|Publication number||US5701368 A|
|Application number||US 08/509,260|
|Publication date||Dec 23, 1997|
|Filing date||Jul 31, 1995|
|Priority date||Mar 20, 1995|
|Also published as||CN1129316C, CN1131873A, US5792017|
|Publication number||08509260, 509260, US 5701368 A, US 5701368A, US-A-5701368, US5701368 A, US5701368A|
|Original Assignee||Daewoo Electronics Co., Ltd.|
|Export Citation||BiBTeX, EndNote, RefMan|
|Patent Citations (6), Referenced by (21), Classifications (25), Legal Events (6)|
|External Links: USPTO, USPTO Assignment, Espacenet|
The present invention relates to an apparatus for encoding an image signal at a low bit-rate; and, more particularly, to an apparatus for encoding an image signal having a still object based on an object-oriented coding.
In a digitally televised system such as video-telephone, high definition television or teleconference system, a large amount of digital data is needed to define each video frame signal since each line in the video frame signal comprises a sequence of digital data referred to as "pixels". Since, however, the available frequency bandwidth of a conventional transmission channel is limited, in order to transmit the substantial amount of digital data therethrough, it is inevitable to compress or reduce the volume of data through the use of various data compression techniques, especially in such low bit-rate image signal encoding systems as video-telephone and teleconference systems.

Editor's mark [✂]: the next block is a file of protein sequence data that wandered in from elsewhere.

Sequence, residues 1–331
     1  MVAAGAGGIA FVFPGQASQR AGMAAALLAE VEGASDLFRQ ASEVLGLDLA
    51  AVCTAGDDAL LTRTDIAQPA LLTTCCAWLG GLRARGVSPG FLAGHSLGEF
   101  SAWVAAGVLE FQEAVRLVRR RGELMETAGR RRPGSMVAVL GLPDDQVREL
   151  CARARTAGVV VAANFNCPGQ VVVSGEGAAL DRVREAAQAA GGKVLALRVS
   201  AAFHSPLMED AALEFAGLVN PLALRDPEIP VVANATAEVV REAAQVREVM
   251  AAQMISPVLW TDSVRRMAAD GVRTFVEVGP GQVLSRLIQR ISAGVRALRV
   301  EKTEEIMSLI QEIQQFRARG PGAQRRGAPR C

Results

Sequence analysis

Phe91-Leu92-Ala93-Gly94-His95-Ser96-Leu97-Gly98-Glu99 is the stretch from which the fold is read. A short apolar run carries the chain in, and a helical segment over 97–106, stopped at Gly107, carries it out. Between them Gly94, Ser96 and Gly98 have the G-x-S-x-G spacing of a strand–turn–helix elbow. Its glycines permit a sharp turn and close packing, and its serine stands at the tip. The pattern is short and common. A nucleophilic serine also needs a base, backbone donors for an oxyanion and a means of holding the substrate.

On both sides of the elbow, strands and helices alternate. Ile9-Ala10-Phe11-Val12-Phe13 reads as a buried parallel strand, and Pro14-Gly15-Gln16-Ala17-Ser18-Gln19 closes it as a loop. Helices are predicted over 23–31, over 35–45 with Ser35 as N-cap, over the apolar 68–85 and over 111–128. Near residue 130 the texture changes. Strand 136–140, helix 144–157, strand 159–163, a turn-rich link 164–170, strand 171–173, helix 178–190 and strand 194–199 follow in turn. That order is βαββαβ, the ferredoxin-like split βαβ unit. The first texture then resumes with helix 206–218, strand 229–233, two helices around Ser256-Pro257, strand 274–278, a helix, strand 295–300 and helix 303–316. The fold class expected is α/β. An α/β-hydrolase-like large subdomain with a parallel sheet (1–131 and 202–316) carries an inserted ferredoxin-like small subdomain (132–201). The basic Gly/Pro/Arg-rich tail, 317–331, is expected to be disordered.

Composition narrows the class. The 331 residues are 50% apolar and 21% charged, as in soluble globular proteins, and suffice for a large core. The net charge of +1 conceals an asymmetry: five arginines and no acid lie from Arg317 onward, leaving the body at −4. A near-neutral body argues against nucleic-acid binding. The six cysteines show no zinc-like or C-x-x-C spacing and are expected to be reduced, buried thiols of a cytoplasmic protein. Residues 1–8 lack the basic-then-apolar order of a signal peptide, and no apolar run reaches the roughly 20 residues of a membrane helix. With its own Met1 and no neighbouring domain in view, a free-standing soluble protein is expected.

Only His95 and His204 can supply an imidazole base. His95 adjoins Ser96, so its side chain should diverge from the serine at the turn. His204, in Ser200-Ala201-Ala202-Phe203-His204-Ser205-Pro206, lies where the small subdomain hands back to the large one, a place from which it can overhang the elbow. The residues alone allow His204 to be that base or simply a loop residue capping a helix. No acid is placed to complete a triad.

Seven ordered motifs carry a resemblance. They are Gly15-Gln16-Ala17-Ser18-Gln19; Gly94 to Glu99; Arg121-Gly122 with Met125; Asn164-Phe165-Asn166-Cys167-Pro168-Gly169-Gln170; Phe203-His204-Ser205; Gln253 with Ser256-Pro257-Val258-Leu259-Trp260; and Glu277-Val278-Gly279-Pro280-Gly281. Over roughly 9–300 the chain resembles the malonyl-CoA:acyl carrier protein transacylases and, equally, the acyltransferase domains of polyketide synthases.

One of such methods for encoding image signals for a low bit-rate encoding system is the so-called object-oriented analysis-synthesis coding technique (see Michael Hotter, "Object-Oriented Analysis-Synthesis Coding Based on Moving Two-Dimensional Objects", Signal Processing: Image Communication, 2, 409-428(1990)).
According to the object-oriented analysis-synthesis coding technique, an image signal, which has moving objects, is divided according to the objects; and three sets of parameters for defining motion, contour and pixel data of each object are processed through different encoding channels.
In case of processing image data or pixels lying within a "still object", a transform coding technique for reducing only the spatial redundancies contained in the image data is employed in the object-oriented analysis-synthesis coding technique. One of such transform coding techniques frequently used for image data compression is a block based DCT (discrete cosine transform) coding, which converts a block of digital image data, for example, a block of 8×8 pixels, into a set of transform coefficient data. This method is described in, e.g., Chen and Pratt, "Scene Adaptive Coder", IEEE Transactions on Communications, COM-32, No. 3, pp. 225-232 (March 1984).
In the block based DCT coding, pixels lying outside of the still object are normally padded or masked with zero values and then the object is divided into a plurality of blocks for DCT coding. In the course of dividing the block, some of the plurality of blocks may be composed mostly of zero-masked pixels, and include only a small portion of the object therein. Accordingly, the coding of such mostly zero-masked pixel blocks may deteriorate the overall coding efficiency.